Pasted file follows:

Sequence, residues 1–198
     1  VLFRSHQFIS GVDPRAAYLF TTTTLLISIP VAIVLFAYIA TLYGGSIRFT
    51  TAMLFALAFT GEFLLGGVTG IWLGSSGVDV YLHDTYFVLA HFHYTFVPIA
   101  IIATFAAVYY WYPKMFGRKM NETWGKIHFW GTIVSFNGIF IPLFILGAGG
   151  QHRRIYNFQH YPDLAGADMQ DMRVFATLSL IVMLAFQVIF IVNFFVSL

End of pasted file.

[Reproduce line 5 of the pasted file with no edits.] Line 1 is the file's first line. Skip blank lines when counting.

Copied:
   151  QHRRIYNFQH YPDLAGADMQ DMRVFATLSL IVMLAFQVIF IVNFFVSL